Some of you may have read a Christian ministry’s web article that took the movie Captain Marvel to task for (supposed) feminism.1
My friend Cap Stewart kindly yet firmly took the article to task here. Among other issues, he challenged the original article’s lack of simple genre comprehension. The author seems to have lacked some basic familiarity with superhero story “rules” and intentions:
Inexplicably, Morse [the original article author] is conflating the fairy tale fantasy and superhero genres. Captain Marvel is not a Disney princess, nor is she trying to be. Her physical abilities are way above and beyond anything a princess—or any woman—could ever do, just as the physical abilities of Captain America are far beyond anything a prince—or a man—could ever do.
When talking about the abandonment of the “traditional princess vibe” (as if that were the standard by which superhero movies should be judged), it’s interesting that Morse uses Cinderella and Belle as examples. Disney has recently produced live action versions of both those stories, actually, and in neither of these modern retellings does the princess swap her traditional accoutrements for combat paraphernalia. Morse’s argument here makes no logical sense.
The goal of a superhero movie is not to get people to try flying off balconies or become autonomous vigilantes. No, the goal of the superhero genre is not audience imitation but rather audience inspiration. The virtues and character arcs of superheroes can—and do—motivate us to pursue virtue and character growth ourselves.2
I might suggest the article’s writer also stumbled into a larger pitfall.
Mind you, I want to be fair, and I have not read the author’s entire body of work on subjects relating to popular culture.
At the same time, I generally find this true:
- Christian tries to engage a story or song from human popular culture.
- Christian gets criticism (harsh or rational), because he hasn’t shown basic familiarity with the story’s genre or intent.
- Very likely, the Christian has not biblically worked out the purpose of human popular culture in the first place.
I try to go over this in the article Christians, Please Stop Warning Against Human Popular Culture Until You Know What It’s For:
Entertainment is never “just entertainment.” The apostle Paul says to take every thought captive, and this must include thoughts relating to the stories and human creations we enjoy.
But the Christian leader who challenges popular culture “consumption” needs to say more than, “Popular culture is harmless, but you should love Jesus more than entertainment.”
He needs to show how loving Jesus transforms our view of entertainment—or rather, stories, songs, games, and beyond.
He needs to allow for the fact that some Christians are not passive about these popular works; in fact, we can be very proactive and thoughtful about human stories and songs (in biblical ways or otherwise!).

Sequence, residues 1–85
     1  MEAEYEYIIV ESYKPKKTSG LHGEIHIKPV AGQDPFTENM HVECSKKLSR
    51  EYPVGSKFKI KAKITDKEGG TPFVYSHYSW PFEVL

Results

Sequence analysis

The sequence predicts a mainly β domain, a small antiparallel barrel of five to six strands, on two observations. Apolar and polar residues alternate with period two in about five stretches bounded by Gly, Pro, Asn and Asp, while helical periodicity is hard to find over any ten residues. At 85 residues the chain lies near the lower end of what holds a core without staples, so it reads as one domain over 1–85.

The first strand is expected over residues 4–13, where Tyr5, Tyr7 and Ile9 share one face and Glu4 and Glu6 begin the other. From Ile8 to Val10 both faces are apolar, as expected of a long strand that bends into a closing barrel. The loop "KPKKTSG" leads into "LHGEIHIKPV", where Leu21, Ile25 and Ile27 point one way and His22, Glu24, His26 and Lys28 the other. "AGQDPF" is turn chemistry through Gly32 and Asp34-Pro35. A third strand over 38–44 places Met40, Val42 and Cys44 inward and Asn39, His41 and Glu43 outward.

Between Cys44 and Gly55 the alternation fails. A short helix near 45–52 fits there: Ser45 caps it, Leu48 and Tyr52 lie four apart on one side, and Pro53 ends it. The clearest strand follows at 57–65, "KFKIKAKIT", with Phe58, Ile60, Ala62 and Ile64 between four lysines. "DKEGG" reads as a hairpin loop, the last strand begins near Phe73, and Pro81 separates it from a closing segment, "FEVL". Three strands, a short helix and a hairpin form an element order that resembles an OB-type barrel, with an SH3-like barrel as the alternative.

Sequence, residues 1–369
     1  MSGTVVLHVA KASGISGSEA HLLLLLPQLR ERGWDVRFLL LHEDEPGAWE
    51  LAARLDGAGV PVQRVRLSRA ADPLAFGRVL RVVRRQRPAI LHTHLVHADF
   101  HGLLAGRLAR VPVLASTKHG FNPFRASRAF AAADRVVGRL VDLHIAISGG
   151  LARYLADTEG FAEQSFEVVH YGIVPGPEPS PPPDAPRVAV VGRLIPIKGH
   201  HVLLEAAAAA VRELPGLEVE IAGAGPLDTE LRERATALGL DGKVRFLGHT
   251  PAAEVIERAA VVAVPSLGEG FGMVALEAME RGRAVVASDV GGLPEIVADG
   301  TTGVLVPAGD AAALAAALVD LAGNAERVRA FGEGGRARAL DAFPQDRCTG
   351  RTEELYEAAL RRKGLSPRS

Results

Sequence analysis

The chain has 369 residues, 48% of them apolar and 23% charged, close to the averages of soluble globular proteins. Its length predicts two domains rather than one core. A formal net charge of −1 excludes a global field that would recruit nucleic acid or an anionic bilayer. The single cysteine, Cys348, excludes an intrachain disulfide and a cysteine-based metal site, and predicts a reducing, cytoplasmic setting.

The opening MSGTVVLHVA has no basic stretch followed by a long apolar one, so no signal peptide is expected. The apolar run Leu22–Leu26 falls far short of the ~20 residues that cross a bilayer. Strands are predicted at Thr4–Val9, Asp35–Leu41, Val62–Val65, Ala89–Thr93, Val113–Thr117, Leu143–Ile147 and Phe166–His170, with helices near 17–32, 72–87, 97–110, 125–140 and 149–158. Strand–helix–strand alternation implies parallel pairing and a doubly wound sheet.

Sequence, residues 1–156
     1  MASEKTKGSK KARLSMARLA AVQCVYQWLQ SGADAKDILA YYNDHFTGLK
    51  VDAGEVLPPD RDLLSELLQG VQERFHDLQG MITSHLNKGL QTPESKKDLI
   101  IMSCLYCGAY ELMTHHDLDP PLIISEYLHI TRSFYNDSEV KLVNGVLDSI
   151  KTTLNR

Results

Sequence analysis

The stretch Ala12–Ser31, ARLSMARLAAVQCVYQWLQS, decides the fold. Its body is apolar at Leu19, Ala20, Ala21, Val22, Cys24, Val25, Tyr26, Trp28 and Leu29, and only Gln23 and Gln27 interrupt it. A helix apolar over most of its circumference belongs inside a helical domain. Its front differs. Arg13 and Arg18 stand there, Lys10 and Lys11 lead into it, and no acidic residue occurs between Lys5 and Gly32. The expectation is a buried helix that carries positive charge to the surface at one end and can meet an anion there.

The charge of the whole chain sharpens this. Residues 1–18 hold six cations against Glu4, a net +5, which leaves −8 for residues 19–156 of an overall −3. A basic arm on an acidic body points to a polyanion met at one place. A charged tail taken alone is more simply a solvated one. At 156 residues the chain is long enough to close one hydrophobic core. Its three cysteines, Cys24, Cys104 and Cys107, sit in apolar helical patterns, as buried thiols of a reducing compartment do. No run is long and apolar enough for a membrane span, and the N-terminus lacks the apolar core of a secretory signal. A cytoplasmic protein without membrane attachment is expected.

Christian leaders need to stop using words like “consume.” This makes us imagine some unthinking, careless gorging of one’s self, all alone in a dark living room, complete with fake-cheese snacks and a flickering TV screen. Why not instead try words like “engage,” “take captive,” “redeem,” or even “avoid based on personal scruples” about any particular story/song/game?
He may also try the word recreation—a far more biblical framing than “entertainment.”
Why not frame this topic in a biblical worldview, rather than use the world’s language?
Why not discuss popular culture—human stories and songs—in terms of human creativity being a gift from God? The way some pastors talk, popular culture is some alien (even if “harmless”) thing unrelated to God. But if God gives this gift (of popular culture-creation), then He, not us, defines the terms of how the gift is best used—to glorify Him, to guard against idolatry, and to make sure we get the most joy out of using the gift in the ways He has prescribed.
Why not explore how Jesus has built the work-rest rhythm into the universe, starting right in Genesis 1? Why not consider how stories and songs are part of being human, whether they’re shared around a campfire or enacted on your tablet screen? Why not allow the possibility that Scripture seems to allow—that we will create cultural works in eternity?
I would even go so far as to suggest that if the Christian leader cannot allude to the biblical view of recreation, or articulate this view in his body of work somewhere, he probably ought not talk about culture or popular culture at all.
No, I don’t mean that every Christian ought to become as I am, reviewing novels, movies, and anime, and often hanging out with Christian folks who like doing the same.
But Christian leader, pastor, or teacher: if you can’t show that you know what popular culture is for in the first place, using biblical anthropology, I honestly struggle to listen seriously when you only warn against popular culture.3
- Rumors of Captain Marvel‘s supposed radical feminism have been grossly exaggerated. If anything, adding even some preachy feminism could have given the story more substance and direction. ↩
- Cap Stewart, “Captain Marvel, Disney Princesses, and the ‘Feminist Agenda,’” CapStewart.com, March 15, 2019. ↩
- E. Stephen Burnett, “Christians, Please Stop Warning Against Popular Culture Until You Know What It’s For,” Speculative Faith, Nov. 6, 2017. See also “When Pastors Criticize Popular Culture,” Speculative Faith, Aug. 24, 2017. ↩